Studies are going on now with vitamins E and C, antioxidant vitamins that are inexpensive, readily available and part of a comprehensive strategy that may well encourage people, especially women of child bearing age, to make sure they are getting a substantial dose of antioxidant vitamins that cannot possibly do them any harm, can bring in a range of other health benefits and can certainly help protect the fetus from the effects of alcohol.

That research is going on and is not conclusive yet, but I wonder if the member found that encouraging and something that we would want to include as part of a more comprehensive package.

Committees of the HouseRoutine Proceedings

11 a.m.

Liberal

Paul Szabo Liberal Mississauga South, ON

Mr. Speaker, I cannot imagine a time when I will ever want to promote the health benefits of drinking alcohol. That is not what we are all about. When we consider that 3,000 to 5,000 children are being born with birth defects every year and it is costing Canada $15 billion each and every year for additional health care, social programs and criminal justice costs, we have to deal with the health problems now.

The member talks about targeting young people. In June 2003 the National Centre on Addiction and Substance Abuse at Columbia University in the United States did a research study, along with the Betty Ford Centre Foundation. What they found was that 19.5% of the purchasers of beverage alcohol were underage youth and 30.5% were adults who were abusing alcohol. When we add it together we find that over half of the beverage alcohol sales in the United States were to underage drinkers and abusers of alcohol.

We have much more work to do. Even with regard to the tobacco strategy, the studies had shown that if people did not start smoking by age 19, chances were they would never smoke. That is why the strategy was aimed at young people, why so many good things have happened in that respect and why substantial progress has been made.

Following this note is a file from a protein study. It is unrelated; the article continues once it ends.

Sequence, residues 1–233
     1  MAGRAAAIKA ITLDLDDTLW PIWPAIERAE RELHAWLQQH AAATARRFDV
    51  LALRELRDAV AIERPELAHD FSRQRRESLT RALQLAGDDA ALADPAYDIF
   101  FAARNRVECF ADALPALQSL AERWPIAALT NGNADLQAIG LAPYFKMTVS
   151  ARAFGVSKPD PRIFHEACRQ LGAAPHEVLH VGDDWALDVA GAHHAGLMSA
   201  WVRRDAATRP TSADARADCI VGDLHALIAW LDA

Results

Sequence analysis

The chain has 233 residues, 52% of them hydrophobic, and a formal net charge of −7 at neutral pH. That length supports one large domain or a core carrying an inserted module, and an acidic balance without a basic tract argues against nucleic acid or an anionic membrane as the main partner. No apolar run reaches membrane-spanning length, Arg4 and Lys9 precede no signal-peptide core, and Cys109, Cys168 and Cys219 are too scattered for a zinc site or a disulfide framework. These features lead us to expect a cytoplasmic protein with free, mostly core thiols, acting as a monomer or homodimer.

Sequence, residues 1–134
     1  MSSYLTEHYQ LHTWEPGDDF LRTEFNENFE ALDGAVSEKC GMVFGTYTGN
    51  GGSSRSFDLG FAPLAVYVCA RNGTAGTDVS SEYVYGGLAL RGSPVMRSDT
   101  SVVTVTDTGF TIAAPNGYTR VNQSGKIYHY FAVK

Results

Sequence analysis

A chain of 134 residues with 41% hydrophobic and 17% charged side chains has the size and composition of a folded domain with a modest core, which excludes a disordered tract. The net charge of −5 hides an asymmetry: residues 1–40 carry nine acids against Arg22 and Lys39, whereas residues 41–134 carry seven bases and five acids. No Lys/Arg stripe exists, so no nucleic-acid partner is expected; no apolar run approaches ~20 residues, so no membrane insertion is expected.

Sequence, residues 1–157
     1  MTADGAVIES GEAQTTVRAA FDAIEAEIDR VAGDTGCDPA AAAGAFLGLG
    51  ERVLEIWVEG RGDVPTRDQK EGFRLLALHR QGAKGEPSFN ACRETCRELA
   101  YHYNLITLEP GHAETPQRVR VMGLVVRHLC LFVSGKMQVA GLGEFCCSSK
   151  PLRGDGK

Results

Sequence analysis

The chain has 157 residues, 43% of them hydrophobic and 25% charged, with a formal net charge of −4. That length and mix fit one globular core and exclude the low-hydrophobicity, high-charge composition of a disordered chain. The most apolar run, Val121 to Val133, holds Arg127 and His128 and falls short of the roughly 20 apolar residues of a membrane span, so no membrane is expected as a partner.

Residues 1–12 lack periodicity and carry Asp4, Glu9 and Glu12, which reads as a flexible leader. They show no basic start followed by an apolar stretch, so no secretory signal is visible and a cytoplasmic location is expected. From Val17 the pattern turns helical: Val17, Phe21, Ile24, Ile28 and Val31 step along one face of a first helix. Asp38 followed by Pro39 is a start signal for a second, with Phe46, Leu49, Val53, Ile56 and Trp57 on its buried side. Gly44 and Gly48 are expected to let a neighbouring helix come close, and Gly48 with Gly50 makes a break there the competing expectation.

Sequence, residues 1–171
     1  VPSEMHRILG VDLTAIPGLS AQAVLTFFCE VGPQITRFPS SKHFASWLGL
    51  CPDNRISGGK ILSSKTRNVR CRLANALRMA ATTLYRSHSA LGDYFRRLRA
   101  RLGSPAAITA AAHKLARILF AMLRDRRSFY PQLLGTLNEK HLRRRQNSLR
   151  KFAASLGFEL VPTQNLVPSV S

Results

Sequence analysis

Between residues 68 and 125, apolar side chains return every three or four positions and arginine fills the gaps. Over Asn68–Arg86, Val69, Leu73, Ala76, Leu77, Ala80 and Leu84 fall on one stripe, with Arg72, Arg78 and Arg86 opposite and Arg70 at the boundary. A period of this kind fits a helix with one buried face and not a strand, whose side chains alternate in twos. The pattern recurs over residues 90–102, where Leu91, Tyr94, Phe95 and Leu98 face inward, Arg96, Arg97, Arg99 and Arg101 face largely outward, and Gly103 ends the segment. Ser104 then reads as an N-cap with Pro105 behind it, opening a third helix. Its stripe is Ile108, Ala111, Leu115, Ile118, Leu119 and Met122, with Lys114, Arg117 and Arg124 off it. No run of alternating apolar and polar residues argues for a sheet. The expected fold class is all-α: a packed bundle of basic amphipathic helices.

Targeting young people, yes, but we cannot give women mixed messages about consuming alcohol during pregnancy. It is extremely important that we be very clear. Motherisk and the Hospital for Sick Children also came out with research in which they said that the incidence of alcohol consumption during pregnancy is actually 10 times higher than they previously thought through interviews with mothers. The research is clear.

Committees of the HouseRoutine Proceedings

11:05 a.m.

Bloc

Nicole Demers Bloc Laval, QC

Mr. Speaker, I agree with my hon. colleague from Mississauga South on many points. Unfortunately, he should be careful when he says that the strategies supported by the industry are not working and this is probably one of the reasons to support them.

Strategies such as Éduc'alcool, Mother Risk, the Student Life Education Company and Taxiguy are working.

However, I want to ask my colleague whether he truly believes that labelling has a real impact. Why did he not consider it important to obtain data on the effects of labelling legislation enacted in 1992 by the Yukon and the Northwest Territories? In both jurisdictions, warning labels are highly visible. In the NWT, these labels are even fluorescent.

I want to know why he did not consider it important to provide us with this data?